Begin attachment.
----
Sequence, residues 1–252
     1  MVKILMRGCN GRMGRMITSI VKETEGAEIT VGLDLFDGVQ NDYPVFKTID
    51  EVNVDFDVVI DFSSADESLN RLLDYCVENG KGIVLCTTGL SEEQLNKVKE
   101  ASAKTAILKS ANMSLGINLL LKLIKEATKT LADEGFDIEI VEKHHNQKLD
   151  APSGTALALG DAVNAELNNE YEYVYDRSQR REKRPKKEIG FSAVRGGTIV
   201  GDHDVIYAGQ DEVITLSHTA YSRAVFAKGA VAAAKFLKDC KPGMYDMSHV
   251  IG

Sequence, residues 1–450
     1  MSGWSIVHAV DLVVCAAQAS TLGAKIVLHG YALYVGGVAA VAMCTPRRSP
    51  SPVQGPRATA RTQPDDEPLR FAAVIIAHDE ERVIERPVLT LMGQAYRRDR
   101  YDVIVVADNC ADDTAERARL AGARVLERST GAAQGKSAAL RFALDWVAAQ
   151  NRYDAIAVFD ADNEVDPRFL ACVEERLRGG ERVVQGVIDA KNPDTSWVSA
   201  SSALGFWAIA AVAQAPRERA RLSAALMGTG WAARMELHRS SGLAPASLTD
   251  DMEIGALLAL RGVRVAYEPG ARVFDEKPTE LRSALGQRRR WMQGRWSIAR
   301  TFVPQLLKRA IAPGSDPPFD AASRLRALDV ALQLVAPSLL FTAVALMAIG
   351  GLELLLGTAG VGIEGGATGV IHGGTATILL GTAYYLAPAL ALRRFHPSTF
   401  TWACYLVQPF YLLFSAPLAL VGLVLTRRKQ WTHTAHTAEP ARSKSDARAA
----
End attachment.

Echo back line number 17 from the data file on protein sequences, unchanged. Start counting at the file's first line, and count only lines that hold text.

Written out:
   401  TWACYLVQPF YLLFSAPLAL VGLVLTRRKQ WTHTAHTAEP ARSKSDARAA